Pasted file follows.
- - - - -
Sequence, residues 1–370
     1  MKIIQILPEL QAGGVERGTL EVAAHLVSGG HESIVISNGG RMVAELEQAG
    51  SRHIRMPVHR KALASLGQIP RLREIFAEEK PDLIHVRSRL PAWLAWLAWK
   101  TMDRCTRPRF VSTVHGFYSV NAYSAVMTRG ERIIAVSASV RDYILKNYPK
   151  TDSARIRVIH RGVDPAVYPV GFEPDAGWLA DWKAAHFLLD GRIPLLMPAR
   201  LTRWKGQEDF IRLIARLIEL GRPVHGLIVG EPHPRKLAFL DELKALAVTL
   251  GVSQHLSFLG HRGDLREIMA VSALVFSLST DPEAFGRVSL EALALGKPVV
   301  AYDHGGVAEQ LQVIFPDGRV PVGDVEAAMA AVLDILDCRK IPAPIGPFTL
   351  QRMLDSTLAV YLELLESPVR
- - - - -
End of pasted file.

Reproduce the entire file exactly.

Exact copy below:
Sequence, residues 1–370
     1  MKIIQILPEL QAGGVERGTL EVAAHLVSGG HESIVISNGG RMVAELEQAG
    51  SRHIRMPVHR KALASLGQIP RLREIFAEEK PDLIHVRSRL PAWLAWLAWK
   101  TMDRCTRPRF VSTVHGFYSV NAYSAVMTRG ERIIAVSASV RDYILKNYPK
   151  TDSARIRVIH RGVDPAVYPV GFEPDAGWLA DWKAAHFLLD GRIPLLMPAR
   201  LTRWKGQEDF IRLIARLIEL GRPVHGLIVG EPHPRKLAFL DELKALAVTL
   251  GVSQHLSFLG HRGDLREIMA VSALVFSLST DPEAFGRVSL EALALGKPVV
   301  AYDHGGVAEQ LQVIFPDGRV PVGDVEAAMA AVLDILDCRK IPAPIGPFTL
   351  QRMLDSTLAV YLELLESPVR